Special Needs and Acceptance

Special Needs. Two words that can encompass so much. I used to think I was “ok” with having a special needs child. That’s when Thomas was all of 3 years old. I thought I had accepted Thomas for who he was. In reality I had not, not at that time in my life. I was young, Thomas was young and we had not been through enough for me to reach such a high level of acceptance.

There was however, one experience that was almost prophetic. Our pediatrician had sent me to a physical therapy specialist when Thomas was about a year old. She wanted his opinion if Thomas still needed physical therapy even though the city of New York deemed it necessary. At the end of the consult the specialist disappeared and I was left with his assosciate who told me to continue Thomas receiving physical therapy and to continue him receiving services through the city program of Early Intervention “in case he needs special ed services when he’s older”.  I remember I felt ill. Why would this perfect boy of mine ever be in special ed? It was then that I felt as though I would always have to protect him, be his voice, speak up for him and fight for what I thought was right for Thomas. At that time I also knew deep down that he would need special ed services and that he would never learn to read. I have no idea why I thought those things that day. Today Thomas can read and write his name and a few sight words but he cannot read a book.

There it was. Finally.  The time in our lives  that I accepted the fact that Thomas was indeed  “special needs.” It wasn’t during or after the first time he needed to attend a residential school. It wasn’t during the many medication trials or many visits to specialists and “experts”. It was after a neurologist appointment with the renowned Dr. Arnold Gold at Columbia Presbyterian Hospital. Way uptown in Manhattan when Thomas was 12 years old. It was Dr. Gold who observed Thomas with an eagle eye. Examined him more thoroughly than he’d ever been examined by any neurologist. And picked apart and analyzed MRI results and psychiatric reports. It was Dr. Gold who revealed that our Thomas had “Static encephalopathy.” Which in layman’s terms means brain damage that will not get any better nor will it get worse. The damage either happened in utero or during delivery; we’ll never know, and that’s ok.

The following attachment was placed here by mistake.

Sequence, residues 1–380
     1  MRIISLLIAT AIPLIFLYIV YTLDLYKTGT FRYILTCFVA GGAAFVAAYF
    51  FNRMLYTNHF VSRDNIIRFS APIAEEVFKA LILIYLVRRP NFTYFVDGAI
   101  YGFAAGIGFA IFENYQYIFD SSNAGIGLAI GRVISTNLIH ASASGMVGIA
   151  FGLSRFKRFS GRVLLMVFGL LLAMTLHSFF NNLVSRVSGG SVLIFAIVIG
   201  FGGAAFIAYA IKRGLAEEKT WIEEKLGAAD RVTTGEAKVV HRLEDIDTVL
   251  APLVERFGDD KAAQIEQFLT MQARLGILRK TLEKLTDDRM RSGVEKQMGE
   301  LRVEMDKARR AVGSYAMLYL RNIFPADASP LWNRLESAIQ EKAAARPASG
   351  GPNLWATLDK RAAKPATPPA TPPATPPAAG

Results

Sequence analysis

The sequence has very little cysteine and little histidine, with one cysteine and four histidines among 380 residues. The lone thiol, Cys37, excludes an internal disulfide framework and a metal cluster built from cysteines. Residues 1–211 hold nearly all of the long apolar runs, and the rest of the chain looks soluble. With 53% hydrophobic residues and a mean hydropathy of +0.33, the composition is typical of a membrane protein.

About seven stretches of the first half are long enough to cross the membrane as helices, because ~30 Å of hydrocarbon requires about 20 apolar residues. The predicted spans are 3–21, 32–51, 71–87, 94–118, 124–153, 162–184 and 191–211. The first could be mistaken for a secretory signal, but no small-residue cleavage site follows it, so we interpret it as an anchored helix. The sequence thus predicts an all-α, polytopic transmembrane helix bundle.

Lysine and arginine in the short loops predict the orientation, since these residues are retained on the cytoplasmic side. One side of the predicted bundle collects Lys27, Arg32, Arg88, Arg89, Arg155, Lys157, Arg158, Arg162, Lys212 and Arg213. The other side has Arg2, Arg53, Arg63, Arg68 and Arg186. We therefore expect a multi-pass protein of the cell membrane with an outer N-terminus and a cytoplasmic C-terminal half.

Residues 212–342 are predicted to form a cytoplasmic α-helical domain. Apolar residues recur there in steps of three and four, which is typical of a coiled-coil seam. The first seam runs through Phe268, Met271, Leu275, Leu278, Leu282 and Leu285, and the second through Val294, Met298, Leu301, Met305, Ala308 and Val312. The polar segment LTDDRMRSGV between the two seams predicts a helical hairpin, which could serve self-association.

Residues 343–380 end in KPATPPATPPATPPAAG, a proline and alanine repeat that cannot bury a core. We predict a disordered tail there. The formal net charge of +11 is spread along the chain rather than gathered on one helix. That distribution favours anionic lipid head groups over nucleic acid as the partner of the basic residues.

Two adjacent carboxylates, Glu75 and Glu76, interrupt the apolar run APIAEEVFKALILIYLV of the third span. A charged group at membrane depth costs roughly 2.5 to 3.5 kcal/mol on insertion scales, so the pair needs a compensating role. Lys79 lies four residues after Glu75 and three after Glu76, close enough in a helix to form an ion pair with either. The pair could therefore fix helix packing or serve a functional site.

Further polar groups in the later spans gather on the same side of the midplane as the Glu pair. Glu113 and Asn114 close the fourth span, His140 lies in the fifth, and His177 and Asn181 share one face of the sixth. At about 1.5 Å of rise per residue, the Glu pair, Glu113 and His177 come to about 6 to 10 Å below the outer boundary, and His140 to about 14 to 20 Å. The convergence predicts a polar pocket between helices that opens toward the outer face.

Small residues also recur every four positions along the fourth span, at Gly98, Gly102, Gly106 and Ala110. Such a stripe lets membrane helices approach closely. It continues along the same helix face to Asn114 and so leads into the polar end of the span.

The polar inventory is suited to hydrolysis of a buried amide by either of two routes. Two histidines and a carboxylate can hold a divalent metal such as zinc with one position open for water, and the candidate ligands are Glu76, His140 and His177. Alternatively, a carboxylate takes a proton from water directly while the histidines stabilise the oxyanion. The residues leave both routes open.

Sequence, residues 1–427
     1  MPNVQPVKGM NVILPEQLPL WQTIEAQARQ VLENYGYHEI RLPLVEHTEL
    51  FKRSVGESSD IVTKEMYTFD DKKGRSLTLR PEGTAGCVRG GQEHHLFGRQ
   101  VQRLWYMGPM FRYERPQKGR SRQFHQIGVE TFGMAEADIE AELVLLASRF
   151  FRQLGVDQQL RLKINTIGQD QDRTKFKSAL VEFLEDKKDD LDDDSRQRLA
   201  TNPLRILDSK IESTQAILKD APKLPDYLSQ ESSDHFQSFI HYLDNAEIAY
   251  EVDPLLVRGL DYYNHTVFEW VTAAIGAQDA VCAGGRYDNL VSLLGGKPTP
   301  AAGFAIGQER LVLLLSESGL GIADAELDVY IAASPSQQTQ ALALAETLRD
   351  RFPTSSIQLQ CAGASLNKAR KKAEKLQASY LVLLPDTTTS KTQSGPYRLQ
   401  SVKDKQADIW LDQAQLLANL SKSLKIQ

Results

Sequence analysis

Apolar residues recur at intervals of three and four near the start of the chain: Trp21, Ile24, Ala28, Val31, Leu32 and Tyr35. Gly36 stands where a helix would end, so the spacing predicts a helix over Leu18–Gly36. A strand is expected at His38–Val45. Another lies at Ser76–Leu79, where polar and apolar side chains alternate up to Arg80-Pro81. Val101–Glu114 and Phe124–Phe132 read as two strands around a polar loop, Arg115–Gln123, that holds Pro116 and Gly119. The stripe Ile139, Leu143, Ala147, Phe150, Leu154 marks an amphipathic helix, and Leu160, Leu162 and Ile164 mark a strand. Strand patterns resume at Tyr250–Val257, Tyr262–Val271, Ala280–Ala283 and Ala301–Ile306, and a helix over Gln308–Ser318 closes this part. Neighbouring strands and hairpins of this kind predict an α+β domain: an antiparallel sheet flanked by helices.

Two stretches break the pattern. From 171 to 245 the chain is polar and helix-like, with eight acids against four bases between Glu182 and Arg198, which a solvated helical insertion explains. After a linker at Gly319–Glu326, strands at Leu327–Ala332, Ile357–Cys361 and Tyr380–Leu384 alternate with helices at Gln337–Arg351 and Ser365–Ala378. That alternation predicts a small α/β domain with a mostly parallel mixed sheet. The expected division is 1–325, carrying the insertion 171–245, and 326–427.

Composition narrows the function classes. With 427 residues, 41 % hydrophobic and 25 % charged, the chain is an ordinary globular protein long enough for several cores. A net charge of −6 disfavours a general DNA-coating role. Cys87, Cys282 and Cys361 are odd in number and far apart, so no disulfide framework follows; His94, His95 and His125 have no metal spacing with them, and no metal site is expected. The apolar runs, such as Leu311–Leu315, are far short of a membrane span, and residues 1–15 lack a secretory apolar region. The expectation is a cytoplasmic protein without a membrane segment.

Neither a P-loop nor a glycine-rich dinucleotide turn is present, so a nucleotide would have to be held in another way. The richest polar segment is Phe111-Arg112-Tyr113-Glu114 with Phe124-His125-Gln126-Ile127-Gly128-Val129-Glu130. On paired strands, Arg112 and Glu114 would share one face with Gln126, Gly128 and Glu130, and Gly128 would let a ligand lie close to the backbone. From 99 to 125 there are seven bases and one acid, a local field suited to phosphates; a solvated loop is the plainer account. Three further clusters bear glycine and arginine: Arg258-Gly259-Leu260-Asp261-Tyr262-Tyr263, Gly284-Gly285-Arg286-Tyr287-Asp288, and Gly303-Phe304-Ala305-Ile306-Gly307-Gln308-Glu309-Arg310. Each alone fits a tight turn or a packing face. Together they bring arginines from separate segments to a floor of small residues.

12 years it took to get a definitive answer. We had partial explanations for Thomas’ behavior but never before had anyone put all the pieces together and placed the answer before us wrapped up with a bow like a gift…but not a gift.

Yesterdmy 22 year old adult son came over for dinner. He was pleasant, easy going and very talkative. I enjoyed dinner with him. Things are what they are. And God gave us this child to raise up and we did the very best we knew how. We were fortunate that God placed people in our lives at strategic places in time. There are no coincidences and it didn’t just so happen that helpful people showed up when they did. God has His fingerprints all over him.

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